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Meet the Owner: Mindful Turtle Owner Builds Center Focused on Wellness

Danielle Goldstein's yoga and wellness studio has been in business three years.

Danielle Goldstein says she has been practicing yoga for about 15 years, but it was only fairly recently that she turned her love of yoga into her full-time profession as the owner of in Stony Brook.

"I get to do what I love every day. I love teaching yoga, I love practicing yoga. It’s a gift and a privilege to be able to teach it and share it every day," said Goldstein, 40, a Ward Melville High School graduate.

She established Mindful Turtle three years ago, after previously working as a guidance counselor in the Port Jefferson School District and as a gifted-and-talented teacher in Half Hollow Hills. Goldstein, who lives locally with husband Ian and sons Harrison and Ben, says she believes her education and counseling background complements teaching yoga.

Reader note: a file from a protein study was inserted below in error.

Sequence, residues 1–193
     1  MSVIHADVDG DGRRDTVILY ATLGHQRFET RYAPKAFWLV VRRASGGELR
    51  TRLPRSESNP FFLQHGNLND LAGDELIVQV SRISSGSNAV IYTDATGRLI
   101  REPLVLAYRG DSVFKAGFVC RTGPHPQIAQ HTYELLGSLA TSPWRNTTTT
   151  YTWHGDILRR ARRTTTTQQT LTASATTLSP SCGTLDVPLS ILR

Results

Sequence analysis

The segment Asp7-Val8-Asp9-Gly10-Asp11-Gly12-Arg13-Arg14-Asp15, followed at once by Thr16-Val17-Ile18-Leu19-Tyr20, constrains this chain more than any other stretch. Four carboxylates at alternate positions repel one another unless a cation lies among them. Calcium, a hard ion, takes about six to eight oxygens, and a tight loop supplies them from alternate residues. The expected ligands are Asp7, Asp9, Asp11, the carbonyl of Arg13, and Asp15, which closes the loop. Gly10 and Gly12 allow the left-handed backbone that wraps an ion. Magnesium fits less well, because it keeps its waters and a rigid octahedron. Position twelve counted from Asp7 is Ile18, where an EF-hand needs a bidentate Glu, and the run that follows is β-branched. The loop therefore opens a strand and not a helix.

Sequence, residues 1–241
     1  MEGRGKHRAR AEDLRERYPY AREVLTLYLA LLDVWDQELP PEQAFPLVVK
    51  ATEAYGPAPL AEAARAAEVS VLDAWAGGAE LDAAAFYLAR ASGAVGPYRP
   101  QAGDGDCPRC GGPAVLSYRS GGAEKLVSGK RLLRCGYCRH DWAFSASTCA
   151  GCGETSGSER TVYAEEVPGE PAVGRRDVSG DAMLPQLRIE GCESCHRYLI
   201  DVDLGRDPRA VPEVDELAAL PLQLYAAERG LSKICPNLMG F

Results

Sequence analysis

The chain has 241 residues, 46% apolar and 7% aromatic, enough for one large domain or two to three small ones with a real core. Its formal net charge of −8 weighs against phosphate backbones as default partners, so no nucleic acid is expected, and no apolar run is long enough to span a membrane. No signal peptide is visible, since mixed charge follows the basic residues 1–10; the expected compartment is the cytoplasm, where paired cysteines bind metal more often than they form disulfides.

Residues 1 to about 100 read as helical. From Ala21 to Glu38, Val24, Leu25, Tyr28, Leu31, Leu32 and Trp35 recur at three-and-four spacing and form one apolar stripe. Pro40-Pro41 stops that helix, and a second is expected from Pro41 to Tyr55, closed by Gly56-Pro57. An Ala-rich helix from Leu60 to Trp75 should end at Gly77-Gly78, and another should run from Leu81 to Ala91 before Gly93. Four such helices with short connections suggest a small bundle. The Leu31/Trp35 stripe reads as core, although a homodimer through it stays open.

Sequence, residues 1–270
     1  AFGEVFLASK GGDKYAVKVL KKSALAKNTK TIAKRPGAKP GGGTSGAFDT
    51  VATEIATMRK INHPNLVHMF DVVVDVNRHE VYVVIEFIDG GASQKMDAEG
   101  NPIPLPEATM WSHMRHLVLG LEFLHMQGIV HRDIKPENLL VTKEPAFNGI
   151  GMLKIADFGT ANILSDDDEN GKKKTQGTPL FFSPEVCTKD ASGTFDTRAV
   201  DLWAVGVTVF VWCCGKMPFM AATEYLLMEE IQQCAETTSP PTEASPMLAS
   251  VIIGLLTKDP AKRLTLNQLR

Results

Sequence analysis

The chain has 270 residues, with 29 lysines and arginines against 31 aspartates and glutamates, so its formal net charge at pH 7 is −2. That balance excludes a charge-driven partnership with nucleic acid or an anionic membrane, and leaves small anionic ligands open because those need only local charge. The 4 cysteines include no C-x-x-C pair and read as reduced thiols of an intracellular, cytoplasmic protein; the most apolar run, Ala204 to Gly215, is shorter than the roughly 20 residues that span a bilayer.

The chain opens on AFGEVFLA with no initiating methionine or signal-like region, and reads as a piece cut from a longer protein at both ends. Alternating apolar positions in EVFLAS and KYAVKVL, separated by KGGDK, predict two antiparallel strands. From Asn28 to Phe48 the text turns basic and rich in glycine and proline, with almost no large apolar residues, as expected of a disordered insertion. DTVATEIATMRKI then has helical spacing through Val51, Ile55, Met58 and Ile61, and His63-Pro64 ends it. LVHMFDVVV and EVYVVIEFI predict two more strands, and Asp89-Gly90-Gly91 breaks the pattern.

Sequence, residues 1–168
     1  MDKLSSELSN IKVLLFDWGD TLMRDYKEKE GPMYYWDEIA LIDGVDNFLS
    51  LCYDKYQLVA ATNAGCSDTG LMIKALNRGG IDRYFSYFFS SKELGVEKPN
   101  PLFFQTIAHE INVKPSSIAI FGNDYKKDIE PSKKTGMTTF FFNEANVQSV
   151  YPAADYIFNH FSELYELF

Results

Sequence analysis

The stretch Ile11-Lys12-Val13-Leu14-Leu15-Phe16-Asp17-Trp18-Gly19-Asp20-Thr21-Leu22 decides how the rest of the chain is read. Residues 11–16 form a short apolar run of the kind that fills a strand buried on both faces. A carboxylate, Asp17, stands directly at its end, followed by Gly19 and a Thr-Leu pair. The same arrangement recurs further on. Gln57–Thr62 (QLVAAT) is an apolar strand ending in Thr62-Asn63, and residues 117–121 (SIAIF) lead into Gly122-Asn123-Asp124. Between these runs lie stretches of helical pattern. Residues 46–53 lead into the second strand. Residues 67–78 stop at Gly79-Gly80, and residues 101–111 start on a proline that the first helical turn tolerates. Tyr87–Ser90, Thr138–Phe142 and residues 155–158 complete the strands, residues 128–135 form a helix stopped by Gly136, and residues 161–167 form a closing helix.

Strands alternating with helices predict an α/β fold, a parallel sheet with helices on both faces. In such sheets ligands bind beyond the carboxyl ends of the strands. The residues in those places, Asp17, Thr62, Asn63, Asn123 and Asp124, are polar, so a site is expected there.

"A lot of stuff comes out when you’re teaching yoga," she said. "... There’s a lot of work that goes into the yoga practice. It’s a lot of self-discovery."

Mindful Turtle offers more than a dozen different kinds of classes, including Hatha, Ashtanga, Kripalu, Vinyasa, Mysore, prenatal yoga, gentle healing yoga, and more. The 2,500-square-foot facility features two main yoga studios. But as a wellness center in general, it also its customers a host of other services, including massage therapy, rolfing, acupuncture, reflexology, and counseling.